Notification Regarding Administrative Protective Orders (APO)

This notice serves as a reminder to parties subject to APO of their responsibility concerning the disposition of proprietary information disclosed under APO in accordance with 19 CFR 351.305(a)(3). Timely notification of the return or destruction of APO materials, or conversion to judicial protective order, is hereby requested. Failure to comply with the regulations and the terms of an APO is a sanctionable violation.

This determination and this notice are issued and published pursuant to sections 735(d) and 777(i)(1) of the Act.

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Dated: September 22, 2014.

Paul Piquado,

Assistant Secretary for Enforcement and Compliance.

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Appendix I—Scope of the Investigation

The scope of this investigation covers grain-oriented silicon electrical steel (GOES). GOES is a flat-rolled alloy steel product containing by weight at least 0.6 percent but not more than 6 percent of silicon, not more than 0.08 percent of carbon, not more than 1.0 percent of aluminum, and no other element in an amount that would give the steel the characteristics of another alloy steel, in coils or in straight lengths. The GOES that is subject to this investigation is currently classifiable under subheadings 7225.11.0000, 7226.11.1000, 7226.11.9030, and 7226.11.9060 of the Harmonized Tariff Schedule of the United States (HTSUS). Although the HTSUS subheadings are provided for convenience and customs purposes, the written description of the scope of this investigation is dispositive. Excluded are flat-rolled products not in coils that, prior to importation into the United States, have been cut to a shape and undergone all punching, coating, or other operations necessary for classification in Chapter 85 of the HTSUS as a transformer part (i.e., laminations).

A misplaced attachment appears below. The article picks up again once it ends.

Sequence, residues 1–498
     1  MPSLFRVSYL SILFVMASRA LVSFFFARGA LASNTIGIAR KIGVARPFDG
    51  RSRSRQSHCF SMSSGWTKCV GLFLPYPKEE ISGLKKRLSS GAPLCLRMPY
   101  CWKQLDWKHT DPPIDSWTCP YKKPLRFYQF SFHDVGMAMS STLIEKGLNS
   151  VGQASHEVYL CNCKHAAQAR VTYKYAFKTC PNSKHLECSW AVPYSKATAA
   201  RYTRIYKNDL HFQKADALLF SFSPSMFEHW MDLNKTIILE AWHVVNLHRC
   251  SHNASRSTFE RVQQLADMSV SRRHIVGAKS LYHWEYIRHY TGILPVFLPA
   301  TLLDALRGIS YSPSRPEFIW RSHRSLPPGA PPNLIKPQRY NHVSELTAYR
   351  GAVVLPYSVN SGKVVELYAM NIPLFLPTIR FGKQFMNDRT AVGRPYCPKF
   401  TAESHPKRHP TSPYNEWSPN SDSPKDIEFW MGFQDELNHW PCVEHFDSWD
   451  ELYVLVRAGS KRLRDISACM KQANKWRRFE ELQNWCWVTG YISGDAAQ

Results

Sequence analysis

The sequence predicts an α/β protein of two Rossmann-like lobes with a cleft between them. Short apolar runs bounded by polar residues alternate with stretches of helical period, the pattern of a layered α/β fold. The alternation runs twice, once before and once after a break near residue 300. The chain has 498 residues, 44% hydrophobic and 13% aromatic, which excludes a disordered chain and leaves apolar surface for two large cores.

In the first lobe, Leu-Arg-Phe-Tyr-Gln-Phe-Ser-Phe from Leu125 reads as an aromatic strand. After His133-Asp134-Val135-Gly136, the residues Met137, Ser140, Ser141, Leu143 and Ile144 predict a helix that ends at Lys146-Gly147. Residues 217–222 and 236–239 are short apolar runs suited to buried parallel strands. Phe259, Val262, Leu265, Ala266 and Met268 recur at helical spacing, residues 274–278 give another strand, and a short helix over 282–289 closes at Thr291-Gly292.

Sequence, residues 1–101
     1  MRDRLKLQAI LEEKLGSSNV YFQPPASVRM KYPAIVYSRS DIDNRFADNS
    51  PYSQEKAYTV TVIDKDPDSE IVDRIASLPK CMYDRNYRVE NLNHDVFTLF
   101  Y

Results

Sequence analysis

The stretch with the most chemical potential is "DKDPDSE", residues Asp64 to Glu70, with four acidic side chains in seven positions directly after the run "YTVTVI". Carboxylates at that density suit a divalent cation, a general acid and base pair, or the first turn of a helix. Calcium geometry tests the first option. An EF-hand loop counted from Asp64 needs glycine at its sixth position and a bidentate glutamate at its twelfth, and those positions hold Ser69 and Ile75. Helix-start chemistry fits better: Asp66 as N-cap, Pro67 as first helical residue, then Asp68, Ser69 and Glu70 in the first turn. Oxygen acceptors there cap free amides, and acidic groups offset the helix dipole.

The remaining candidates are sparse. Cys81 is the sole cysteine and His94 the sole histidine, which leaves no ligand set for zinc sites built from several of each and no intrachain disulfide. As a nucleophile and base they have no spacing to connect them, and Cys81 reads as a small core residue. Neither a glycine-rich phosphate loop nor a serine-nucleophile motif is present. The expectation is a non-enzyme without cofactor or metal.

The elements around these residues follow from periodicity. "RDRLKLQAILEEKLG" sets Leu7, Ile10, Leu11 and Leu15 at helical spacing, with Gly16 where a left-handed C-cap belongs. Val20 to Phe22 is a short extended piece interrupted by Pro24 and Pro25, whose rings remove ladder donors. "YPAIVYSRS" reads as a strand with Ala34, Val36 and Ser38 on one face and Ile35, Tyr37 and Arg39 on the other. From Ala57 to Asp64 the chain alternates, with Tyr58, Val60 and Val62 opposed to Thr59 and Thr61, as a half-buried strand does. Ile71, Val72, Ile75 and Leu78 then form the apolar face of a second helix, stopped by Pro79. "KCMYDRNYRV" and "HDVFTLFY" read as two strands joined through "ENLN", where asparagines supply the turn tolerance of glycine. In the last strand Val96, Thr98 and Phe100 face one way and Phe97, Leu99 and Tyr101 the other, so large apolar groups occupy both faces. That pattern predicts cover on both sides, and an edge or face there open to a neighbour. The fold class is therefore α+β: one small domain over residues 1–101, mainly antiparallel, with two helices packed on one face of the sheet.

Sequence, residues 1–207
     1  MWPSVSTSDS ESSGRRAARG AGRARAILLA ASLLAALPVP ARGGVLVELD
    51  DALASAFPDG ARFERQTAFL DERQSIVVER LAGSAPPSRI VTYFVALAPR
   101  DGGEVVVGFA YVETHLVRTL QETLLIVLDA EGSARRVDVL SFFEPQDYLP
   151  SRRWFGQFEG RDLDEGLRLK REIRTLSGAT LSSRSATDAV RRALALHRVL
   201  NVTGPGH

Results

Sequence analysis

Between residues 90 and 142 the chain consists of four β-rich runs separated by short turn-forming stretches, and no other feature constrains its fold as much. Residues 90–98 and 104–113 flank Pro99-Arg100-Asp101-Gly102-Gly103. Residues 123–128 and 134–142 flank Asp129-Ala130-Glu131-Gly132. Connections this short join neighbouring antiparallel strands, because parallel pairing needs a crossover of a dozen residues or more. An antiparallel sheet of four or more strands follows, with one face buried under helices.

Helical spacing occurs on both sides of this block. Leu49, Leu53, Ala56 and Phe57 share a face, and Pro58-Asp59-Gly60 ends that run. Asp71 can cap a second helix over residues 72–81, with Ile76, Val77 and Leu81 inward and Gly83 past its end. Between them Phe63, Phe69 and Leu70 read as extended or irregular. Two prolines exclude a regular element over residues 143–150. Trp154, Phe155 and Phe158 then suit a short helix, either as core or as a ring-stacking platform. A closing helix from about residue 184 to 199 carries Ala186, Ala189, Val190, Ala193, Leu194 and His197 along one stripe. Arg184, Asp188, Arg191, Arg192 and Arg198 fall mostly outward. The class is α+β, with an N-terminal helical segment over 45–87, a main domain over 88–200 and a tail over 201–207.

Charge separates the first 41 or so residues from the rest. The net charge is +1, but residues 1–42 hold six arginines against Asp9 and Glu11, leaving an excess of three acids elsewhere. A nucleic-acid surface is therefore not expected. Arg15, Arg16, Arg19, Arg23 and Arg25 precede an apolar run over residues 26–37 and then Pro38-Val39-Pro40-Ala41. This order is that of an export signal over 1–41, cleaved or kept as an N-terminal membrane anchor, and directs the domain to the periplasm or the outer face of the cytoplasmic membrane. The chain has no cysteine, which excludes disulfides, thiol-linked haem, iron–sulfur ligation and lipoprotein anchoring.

Appendix II—List of Topics Discussed in the Issues and Decision Memorandum

General Comments

1. Affiliation Between AMFM and Sujani

2. The Knowledge Test

Company-Specific Comments

AMFM

3. Home Market Sale Outside the Ordinary Course of Trade

4. Indirect Selling Expenses

5. Packing Expenses

6. CEP Offset

7. Electricity

8. Rolls and Roller Adjustment to Cost of Manufacturing

9. Verification Changes to AMFM's Cost Data

10. Profit

Sujani

11. Total Facts Available for Sujani

12. Other Sujani Adjustments

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Footnotes

1.  See Grain-Oriented Electrical Steel From the Czech Republic: Preliminary Determination of Sales at Less Than Fair Value, Negative Preliminary Determination of Critical Circumstances, and Postponement of Final Determination, 79 FR 26717 (May 9, 2014) (Preliminary Determination).